So to start, some questions on getting Shea Yeleen to market. How were you able to get your products into Whole Foods?
This is the advice I would give to someone who is just starting out and trying to get their products into retail: Be persistent! I pitched 3 times before I was able to get my items into Whole Foods. One thing I have learned is that NO can be a pathway to YES, eventually.
Of course, you should get feedback and understand why you are getting the NOs; don’t write it off as a rejection but as a way to improve for the next pitch. The primary reasons I was rejected 3 times was because I was talking to the wrong buyer and I needed better packaging.
I upgraded my packaging including putting the soaps in boxes instead of sleeves, and used the space on the packaging to share our community development story and the benefits of our ingredients. I also created packaging that would pop off shelves by comparing my packaging to brands that were already on the shelf. This helped me better position my products. In short, if you want to get into retail, first pitch, adjust your pitch and product based on feedback and keep pitching until you get a yes!
Also, if you are not getting traction in one area, move to another area to get in front of the right buyer. I wasn’t getting traction in one Whole Foods region and moved to another region. Getting in front of the right buyer required identifying someone who was looking for and thinking about products that Shea Yeleen was offering.
The [final] thing is start small. For some retailers, you have to pay thousands of dollars to get your products in and if you don’t do well, they kick you out, which will cost you more money. Understanding the differences between big box retailers is really important.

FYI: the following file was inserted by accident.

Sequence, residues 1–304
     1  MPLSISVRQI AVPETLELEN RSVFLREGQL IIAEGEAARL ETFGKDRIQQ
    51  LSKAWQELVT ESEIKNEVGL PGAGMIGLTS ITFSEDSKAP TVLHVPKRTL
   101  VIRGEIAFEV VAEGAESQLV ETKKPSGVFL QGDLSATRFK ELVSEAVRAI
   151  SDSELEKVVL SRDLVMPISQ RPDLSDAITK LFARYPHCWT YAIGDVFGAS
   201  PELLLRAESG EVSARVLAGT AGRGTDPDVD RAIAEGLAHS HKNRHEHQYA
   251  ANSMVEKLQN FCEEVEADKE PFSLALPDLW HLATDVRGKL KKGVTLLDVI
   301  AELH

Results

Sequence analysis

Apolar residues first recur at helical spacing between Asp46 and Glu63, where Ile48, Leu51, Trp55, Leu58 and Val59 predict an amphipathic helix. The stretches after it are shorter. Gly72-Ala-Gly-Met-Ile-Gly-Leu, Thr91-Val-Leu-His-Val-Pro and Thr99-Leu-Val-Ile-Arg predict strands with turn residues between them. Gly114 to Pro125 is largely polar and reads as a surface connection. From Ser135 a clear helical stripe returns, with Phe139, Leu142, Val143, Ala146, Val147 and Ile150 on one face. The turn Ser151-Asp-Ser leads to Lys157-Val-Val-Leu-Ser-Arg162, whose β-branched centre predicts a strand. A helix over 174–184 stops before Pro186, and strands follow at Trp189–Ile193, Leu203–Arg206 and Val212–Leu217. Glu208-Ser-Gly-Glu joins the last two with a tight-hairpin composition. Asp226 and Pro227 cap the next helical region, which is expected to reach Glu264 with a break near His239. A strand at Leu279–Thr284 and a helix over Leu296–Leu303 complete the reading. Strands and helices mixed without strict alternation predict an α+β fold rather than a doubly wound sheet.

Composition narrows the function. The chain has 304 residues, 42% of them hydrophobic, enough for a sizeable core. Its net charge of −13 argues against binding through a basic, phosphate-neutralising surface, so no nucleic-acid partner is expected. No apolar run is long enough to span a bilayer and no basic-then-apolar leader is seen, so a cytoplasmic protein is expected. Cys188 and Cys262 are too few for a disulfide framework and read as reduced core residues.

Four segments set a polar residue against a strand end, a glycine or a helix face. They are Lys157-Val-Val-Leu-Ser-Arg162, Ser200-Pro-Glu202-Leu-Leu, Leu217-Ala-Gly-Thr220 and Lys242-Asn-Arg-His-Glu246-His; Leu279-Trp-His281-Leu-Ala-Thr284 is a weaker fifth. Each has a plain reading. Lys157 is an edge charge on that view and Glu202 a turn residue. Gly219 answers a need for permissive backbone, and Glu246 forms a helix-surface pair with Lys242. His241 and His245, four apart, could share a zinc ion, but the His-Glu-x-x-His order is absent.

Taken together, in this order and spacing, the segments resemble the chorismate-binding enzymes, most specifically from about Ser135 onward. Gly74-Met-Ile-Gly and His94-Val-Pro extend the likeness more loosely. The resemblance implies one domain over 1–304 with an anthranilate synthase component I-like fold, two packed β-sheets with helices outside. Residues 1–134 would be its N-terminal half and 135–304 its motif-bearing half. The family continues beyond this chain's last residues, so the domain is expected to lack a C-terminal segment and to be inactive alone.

In terms of strategy, did you employ different methods getting into the local retailers like the mom and pop shops than you did the larger retailers like Whole Foods?
They are almost the same but Whole Foods is a bit more corporate than the independent stores. A mom and pop shop is more accessible, because you can schedule a meeting with the owner or buyer and say, ‘would you give me a chance and bring my products in?’ and that’s literally what I did.
I’ve learned about working with sales brokers, and there is a whole industry around sales brokers and distributors that’s a part of retail, and I made the mistake of relying too much on sales brokers who just did not deliver. Early on in your business you are the sales person. I wasted thousands of dollars on the wrong sales brokers.
Even though it is hard and takes a lot of time to go door to door, you need to build your business initially until you get to the point where you can attract the right talent to manage that business. The region that is our best region, I opened all of those stores; I literally went door to door and was able to cultivate a really great relationship with the regional buyer.
We also brought two of the shea producers from Tamale, Ghana here to the U.S. and they toured the stores with me, which was an incredible experience for the customers and the shea producers, who could now see where their shea butter ends up. This is an important part of the Shea Yeleen mission.